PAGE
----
MicroStrategy Inc appears to be shaping up to add even more Bitcoin to its colossal crypto cache.
Already the world’s largest publicly-traded holder of the leading digital asset, the ‘enterprise-software’ maker revealed in trading figures that it had returned to profit.
Last year, MicroStrategy was forced into a write-down during the second quarter of trading, owing to a demise in cryptocurrency prices.
However, the 34-year-old company this week boasted a net income of $22.2 million ($1.54 per share) by the end of Q2 2023. A year earlier, shares had plunged to $94.
MicroStrategy’s founder Michael Saylor, who stepped aside as CEO to become ‘executive chairman’ during the losses, is a massive Bitcoin enthusiast. The 58-year-old regularly appears on TV discussing the merits of cryptocurrency, and remains one of Twitter’s most vociferous contributors on digital assets.
He’s also the driving force behind his company’s voracious appetite for buying Bitcoin.
This week’s company reports show more than $361 million in Bitcoin was acquired – its biggest purchase since November 2021 when Bitcoin reached its all-time high of $67,567.
At that point, MicroStrategy held Bitcoin to the value of $4.53 billion. According to this week’s statement, a further $361.4m was added in Q2 of this year, while more purchases were made last month.
A total of 152,800 Bitcoin are now held by the Virginia-based firm.
That figure now looks likely to swell again after this week’s filing stated MicroStrategy was looking to raise up to $750 million via share sales for ‘general corporate purposes’ – a phrase regularly interpreted as creating working capital and purchasing digital assets.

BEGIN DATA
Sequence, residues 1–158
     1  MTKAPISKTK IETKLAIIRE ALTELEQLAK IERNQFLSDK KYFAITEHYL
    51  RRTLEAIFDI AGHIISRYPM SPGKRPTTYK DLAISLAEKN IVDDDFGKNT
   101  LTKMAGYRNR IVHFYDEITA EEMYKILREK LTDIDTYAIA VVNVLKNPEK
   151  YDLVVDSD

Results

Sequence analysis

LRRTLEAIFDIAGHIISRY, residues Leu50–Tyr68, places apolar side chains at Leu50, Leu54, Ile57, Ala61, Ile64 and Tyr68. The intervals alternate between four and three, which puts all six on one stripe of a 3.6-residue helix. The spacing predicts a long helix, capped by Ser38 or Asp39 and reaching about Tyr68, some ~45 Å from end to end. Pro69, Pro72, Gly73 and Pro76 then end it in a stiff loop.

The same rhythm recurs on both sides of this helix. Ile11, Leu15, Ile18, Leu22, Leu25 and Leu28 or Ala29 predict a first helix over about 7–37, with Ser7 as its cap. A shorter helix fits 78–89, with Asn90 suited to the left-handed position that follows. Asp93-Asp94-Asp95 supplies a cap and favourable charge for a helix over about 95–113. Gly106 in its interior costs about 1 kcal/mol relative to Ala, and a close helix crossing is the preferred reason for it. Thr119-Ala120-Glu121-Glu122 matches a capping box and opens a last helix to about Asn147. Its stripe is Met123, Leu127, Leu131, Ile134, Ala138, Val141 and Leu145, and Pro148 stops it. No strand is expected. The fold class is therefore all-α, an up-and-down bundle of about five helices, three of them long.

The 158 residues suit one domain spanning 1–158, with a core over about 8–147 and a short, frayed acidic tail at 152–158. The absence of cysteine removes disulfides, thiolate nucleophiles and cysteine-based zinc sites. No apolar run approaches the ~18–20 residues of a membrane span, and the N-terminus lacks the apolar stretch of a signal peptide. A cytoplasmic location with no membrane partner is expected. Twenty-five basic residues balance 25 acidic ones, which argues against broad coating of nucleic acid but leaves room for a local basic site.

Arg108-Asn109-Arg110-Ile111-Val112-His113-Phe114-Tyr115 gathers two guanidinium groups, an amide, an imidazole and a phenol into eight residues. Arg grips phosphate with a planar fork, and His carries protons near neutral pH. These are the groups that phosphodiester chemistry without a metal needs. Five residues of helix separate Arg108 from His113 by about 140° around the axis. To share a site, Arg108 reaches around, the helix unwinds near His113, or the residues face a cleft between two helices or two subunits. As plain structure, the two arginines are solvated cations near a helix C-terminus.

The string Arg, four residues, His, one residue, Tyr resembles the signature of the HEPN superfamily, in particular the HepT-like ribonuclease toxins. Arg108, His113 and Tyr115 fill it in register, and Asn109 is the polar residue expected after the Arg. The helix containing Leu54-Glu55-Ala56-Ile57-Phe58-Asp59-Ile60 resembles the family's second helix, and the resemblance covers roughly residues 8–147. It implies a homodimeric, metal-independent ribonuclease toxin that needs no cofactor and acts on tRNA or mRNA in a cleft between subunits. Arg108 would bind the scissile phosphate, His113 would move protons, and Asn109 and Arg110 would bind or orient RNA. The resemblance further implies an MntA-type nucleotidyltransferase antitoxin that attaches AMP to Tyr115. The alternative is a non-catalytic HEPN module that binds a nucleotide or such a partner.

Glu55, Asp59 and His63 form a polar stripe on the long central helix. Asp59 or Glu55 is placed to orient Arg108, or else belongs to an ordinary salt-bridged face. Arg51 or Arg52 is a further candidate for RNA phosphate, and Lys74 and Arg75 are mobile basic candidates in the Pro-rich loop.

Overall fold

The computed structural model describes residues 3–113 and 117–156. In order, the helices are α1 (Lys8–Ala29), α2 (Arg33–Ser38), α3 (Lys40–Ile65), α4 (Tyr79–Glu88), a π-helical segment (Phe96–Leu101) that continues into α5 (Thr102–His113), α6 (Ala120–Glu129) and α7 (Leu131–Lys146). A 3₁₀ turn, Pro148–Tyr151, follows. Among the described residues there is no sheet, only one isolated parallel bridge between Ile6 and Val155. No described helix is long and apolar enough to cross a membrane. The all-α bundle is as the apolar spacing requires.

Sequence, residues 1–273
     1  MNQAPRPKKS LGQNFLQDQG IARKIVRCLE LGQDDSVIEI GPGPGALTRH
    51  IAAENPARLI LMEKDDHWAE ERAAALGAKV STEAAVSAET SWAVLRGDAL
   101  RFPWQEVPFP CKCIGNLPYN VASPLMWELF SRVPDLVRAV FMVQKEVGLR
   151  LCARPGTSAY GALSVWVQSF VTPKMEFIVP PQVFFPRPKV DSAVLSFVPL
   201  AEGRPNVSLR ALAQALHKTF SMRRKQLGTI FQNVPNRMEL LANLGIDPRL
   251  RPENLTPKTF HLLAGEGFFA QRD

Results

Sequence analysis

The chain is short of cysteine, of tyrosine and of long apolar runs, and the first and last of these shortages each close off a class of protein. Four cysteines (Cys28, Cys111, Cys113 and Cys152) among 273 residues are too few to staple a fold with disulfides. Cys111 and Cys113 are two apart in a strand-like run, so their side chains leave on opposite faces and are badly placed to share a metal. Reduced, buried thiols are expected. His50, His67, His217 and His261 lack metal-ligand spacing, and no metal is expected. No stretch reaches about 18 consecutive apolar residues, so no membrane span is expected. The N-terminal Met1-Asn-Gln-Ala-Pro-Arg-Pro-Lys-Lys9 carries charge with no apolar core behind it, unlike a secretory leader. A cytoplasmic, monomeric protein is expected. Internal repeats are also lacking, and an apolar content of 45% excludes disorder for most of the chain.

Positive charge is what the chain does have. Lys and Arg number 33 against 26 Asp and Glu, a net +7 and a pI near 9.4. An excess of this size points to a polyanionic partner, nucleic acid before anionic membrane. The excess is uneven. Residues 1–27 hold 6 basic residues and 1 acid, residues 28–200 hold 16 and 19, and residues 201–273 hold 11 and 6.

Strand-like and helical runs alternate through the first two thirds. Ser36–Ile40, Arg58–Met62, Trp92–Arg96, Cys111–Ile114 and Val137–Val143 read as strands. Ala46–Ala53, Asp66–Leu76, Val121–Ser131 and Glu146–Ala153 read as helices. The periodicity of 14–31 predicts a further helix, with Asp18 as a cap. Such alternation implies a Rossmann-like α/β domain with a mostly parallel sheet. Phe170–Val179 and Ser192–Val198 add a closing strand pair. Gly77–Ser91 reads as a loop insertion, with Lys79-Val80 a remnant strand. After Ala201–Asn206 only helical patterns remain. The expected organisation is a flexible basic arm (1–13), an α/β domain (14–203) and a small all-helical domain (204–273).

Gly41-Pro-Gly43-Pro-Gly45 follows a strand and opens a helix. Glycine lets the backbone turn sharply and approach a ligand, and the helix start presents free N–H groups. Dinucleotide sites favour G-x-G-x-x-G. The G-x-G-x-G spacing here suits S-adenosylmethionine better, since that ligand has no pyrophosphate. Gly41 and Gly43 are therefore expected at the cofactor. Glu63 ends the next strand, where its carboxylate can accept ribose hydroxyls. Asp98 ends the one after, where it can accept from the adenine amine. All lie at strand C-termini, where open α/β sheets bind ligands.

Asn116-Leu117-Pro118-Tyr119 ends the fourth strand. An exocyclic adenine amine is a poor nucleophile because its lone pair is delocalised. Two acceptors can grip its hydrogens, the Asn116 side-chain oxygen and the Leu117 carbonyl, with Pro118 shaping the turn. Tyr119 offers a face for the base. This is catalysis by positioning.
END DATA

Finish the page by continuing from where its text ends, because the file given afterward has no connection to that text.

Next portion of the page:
Entrepreneur Saylor suddenly began ploughing into Bitcoin three years ago, declaring that businesses were destined to shrink under a global rise of inflation. He shifted to crypto as a way of reducing cash holdings.
After turning MicroStrategy into the world’s biggest publicly-traded holder of Bitcoin he gave up the CEO reins to Phong Le last year, stating he wanted to give more time to the company’s digital asset strategy as executive chairman.
Despite the purchases, and the recent higher values of Bitcoin, MicroStrategy’s report closed by stating its operations were still not in profit. Although returning to an upward curve, the company suffered a quarterly operating loss of $26.7 million.
Curiously, during MicroStrategy’s conference call to deliver its filings, CEO Phong Le also took the opportunity to announce he would assume the responsibilities of the chief revenue officer who had ‘resigned’.